When the toxic chemical MCHM spilled into the drinking water of 300,000 West Virginia residents in 2014, reporters had trouble getting federal officials on the phone. When oil from the Deepwater Horizon rig washed up on Gulf shores, reporters had trouble getting near the dying pelicans. When post-Katrina measurements of toxics in Louisiana water and sediments were made, U.S. EPA delayed releasing the data.
Does government openness help or hurt the public during "spills of national significance"? A newly developing federal policy could determine how much the public learns how fast. Through its Freedom of Information Task Force, the Society of Environmental Journalists (SEJ) is urging more openness.
Journalists and advocacy groups got a look at the Spills of National Significance (SONS) Draft Communications Strategy in preparation for a forum June 8, 2015, at the Interior Department. The lead agency in drafting the plan was the U.S. Coast Guard, which has statutory authority for handling many spills of oil and chemicals into water bodies.
At the forum, and in a June 30 letter, SEJ urged SONS communicators to release data fully and promptly, to acknowledge uncertainties and gaps, and to give journalists good access to officials, experts and places.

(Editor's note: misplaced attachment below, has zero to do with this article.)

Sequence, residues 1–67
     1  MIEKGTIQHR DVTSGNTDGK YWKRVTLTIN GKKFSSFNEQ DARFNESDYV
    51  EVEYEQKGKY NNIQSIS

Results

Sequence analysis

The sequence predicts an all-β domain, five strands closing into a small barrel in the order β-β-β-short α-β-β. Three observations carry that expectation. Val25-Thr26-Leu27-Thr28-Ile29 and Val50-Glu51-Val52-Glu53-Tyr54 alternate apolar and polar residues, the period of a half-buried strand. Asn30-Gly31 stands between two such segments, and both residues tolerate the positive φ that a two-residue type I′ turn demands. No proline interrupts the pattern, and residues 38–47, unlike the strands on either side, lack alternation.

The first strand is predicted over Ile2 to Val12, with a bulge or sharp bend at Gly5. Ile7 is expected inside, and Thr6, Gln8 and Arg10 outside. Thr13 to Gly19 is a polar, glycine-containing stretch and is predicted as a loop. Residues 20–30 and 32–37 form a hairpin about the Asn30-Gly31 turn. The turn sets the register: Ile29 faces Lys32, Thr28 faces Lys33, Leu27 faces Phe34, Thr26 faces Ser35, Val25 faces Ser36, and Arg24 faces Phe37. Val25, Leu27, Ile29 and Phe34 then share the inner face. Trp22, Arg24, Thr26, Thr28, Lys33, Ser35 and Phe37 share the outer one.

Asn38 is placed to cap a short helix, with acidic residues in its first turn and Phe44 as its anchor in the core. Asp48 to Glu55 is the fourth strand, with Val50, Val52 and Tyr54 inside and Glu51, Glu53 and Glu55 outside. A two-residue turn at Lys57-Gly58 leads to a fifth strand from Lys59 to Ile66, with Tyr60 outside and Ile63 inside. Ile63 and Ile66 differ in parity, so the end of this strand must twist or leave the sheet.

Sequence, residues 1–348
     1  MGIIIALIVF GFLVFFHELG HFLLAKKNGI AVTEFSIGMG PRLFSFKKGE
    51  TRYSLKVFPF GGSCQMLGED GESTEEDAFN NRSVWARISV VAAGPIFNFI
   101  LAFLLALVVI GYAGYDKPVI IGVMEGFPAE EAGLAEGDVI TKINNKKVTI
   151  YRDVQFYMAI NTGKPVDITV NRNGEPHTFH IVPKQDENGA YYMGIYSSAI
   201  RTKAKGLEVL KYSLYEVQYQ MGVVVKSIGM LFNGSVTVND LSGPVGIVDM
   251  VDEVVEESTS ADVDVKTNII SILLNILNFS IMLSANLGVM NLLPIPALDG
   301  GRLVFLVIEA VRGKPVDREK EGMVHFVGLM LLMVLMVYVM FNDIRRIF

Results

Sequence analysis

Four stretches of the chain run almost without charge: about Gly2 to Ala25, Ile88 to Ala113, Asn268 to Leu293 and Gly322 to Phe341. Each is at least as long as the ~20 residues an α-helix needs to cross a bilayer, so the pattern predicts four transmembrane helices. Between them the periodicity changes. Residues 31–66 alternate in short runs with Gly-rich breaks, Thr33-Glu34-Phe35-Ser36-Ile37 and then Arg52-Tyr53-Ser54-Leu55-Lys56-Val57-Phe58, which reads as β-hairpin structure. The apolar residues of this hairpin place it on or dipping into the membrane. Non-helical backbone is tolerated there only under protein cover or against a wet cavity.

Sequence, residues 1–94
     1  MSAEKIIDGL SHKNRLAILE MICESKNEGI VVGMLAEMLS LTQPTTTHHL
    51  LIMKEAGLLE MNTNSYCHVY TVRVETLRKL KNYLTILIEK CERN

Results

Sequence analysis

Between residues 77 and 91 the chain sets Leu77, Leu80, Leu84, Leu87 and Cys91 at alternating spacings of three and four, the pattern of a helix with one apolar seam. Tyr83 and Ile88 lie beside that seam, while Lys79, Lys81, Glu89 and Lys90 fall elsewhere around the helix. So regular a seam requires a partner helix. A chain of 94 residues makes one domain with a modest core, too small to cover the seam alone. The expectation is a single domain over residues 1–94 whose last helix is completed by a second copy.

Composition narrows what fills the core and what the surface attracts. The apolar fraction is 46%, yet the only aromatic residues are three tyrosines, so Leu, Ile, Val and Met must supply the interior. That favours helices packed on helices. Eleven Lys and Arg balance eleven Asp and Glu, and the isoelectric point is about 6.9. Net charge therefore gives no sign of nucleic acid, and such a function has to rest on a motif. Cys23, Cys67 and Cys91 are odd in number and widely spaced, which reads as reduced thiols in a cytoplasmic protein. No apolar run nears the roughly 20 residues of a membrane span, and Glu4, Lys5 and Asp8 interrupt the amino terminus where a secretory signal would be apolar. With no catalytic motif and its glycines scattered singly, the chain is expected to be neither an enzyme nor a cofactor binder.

The initial draft presented before the meeting emphasized message control more than openness, though officials stressed that it would be revised in light of comments.
During a 2013 seminar, "principal officials from multiple Federal agencies identified the need to align and coordinate messaging and communications efforts as one of three major interagency action items," the draft stated. "'Speaking with One Voice' from the field up to the highest levels of government is critical to maintaining credibility and ensuring that the most accurate, consistent information is released to the media and public."
"As we said at the June 8 event, too often we journalists have found that government agencies are afraid of providing conflicting information after a disaster, especially if it’s coming from their own scientific experts," SEJ's letter said. "We believe the public would be better served – and would rather know, in any case – when there are uncertainties or incomplete information, rather than being denied answers. As we said, being honest about what you know and don’t know enhances the government’s credibility more than trying to hide uncertainties or conflicting information."
The letter was signed by SEJ President Jeff Burnside and Freedom of Information Task Force Chair Tim Wheeler. The June 8 forum, "Facilitating Communication and Journalism During Environmental Disasters," was organized by University of New Hampshire's Center for Spills and Environmental Hazards.